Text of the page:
The Campo de Calatrava volcanic field is a volcanic field in Spain. The volcanic field is in the centre of the province of Ciudad Real, in a region known as Campo de Calatrava.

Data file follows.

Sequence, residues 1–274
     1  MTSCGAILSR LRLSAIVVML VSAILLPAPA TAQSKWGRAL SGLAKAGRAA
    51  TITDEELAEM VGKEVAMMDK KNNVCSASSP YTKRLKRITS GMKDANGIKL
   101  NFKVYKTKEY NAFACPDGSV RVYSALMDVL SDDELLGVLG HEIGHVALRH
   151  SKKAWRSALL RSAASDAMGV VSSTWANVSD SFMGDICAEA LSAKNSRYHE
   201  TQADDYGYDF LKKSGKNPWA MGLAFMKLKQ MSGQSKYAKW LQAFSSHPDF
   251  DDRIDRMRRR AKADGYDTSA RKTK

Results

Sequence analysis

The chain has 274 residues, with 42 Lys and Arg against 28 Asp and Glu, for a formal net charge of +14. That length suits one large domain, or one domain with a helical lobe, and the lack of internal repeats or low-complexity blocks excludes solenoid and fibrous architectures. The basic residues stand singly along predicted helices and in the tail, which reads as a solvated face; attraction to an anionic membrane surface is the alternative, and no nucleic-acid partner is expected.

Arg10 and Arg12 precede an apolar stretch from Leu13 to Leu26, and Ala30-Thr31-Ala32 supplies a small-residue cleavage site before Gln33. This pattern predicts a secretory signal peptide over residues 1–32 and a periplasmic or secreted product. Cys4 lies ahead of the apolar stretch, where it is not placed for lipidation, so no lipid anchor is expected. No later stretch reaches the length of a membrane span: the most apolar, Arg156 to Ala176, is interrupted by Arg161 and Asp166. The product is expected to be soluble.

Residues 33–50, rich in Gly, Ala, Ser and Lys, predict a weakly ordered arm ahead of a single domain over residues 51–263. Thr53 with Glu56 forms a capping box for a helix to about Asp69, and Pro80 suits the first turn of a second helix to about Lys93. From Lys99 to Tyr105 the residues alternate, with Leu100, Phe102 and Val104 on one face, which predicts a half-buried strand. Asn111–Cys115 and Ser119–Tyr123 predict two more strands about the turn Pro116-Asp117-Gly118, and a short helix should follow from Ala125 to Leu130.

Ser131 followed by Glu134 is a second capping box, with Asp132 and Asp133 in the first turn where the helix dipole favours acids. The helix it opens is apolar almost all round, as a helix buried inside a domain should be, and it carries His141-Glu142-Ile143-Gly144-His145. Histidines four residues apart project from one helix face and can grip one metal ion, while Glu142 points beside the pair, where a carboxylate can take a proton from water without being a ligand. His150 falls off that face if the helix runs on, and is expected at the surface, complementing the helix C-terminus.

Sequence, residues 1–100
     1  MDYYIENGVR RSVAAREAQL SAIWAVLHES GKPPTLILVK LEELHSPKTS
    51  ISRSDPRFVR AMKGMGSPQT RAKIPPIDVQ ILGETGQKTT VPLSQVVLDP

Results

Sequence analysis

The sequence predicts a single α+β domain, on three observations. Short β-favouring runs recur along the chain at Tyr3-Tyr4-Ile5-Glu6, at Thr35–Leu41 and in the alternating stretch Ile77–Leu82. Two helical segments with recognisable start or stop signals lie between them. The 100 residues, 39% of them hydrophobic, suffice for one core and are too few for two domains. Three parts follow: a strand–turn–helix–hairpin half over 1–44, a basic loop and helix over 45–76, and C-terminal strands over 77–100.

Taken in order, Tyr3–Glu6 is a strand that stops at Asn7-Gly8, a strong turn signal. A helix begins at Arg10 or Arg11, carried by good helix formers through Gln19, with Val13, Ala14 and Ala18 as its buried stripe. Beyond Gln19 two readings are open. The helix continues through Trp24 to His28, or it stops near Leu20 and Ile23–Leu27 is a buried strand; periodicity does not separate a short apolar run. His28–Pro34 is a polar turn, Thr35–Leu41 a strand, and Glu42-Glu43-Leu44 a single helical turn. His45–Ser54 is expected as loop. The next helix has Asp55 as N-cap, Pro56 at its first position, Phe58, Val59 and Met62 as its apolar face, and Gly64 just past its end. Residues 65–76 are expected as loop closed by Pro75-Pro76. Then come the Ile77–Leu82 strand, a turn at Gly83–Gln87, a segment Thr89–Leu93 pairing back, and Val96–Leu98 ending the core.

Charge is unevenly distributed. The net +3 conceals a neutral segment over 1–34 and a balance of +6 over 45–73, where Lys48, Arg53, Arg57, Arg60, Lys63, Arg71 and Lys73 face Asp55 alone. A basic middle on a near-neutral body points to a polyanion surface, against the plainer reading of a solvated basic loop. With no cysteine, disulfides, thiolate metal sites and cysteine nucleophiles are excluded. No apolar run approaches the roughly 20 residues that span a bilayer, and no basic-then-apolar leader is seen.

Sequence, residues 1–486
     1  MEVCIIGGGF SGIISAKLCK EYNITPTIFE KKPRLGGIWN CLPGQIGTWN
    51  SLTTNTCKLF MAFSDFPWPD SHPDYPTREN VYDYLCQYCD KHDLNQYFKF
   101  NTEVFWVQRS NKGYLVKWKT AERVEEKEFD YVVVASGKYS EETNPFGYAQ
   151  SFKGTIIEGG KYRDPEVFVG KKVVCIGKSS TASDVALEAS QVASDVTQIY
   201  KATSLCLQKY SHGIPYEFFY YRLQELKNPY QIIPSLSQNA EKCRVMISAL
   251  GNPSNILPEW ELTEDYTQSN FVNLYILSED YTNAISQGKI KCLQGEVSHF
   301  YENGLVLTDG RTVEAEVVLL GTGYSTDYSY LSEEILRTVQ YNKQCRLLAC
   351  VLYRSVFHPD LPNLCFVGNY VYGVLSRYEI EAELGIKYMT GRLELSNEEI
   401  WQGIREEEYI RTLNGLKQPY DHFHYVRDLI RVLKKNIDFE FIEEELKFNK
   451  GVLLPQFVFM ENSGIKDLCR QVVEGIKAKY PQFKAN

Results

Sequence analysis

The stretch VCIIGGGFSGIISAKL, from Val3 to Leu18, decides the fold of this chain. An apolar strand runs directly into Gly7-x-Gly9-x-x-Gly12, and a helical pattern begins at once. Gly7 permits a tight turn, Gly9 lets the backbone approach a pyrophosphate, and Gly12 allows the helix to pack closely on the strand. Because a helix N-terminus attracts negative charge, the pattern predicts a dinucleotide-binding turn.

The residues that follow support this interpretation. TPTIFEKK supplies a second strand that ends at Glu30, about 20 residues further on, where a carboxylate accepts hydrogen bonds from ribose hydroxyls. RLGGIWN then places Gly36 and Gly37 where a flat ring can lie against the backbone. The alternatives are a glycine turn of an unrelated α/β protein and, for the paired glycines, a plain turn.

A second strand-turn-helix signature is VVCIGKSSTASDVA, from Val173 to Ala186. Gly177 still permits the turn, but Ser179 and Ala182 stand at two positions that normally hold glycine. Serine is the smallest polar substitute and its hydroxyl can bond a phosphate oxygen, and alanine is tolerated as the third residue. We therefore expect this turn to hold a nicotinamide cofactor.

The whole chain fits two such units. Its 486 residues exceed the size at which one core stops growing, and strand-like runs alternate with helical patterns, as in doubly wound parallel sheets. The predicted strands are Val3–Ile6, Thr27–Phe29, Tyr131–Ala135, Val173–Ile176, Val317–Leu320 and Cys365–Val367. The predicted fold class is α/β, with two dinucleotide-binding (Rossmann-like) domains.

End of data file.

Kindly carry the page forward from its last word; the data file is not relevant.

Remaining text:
The volcanic field has an area of more than 5000 km2 and more than 300 individual structures and contains pyroclastic cones, lava domes and maars. The field erupted basaltic to foiditic lavas from the Pliocene to the Holocene in Columba volcano with phreatomagmatic activity, and fumaroles were observed in the 16th-18th centuries in the Sierra de Valenzuela territory. Earlier activity has been subdivided in several phases. The first affecting mostly the centre of the field is K-Ar dated between 8.7 and 6.4 Ma. A second phase occurred in the Pleistocene 1.3 Ma and 0.7 Ma. The maars involve both hard-substrate maars formed in metasediments of the basement and soft-substrate maars in Pliocene unconsolidated sediments. Both types of maars are distributed in NE-SW and NW-SE directions following faults established during the Miocene. During the lower Pliocene, the system underwent uplift and erosion. Some maars contain sediments including travertine possibly related to carbon dioxide emissions. Gas emissions, sometimes increased following earthquake activity, are common in the field and include hydrogen sulfide, CO2 and water.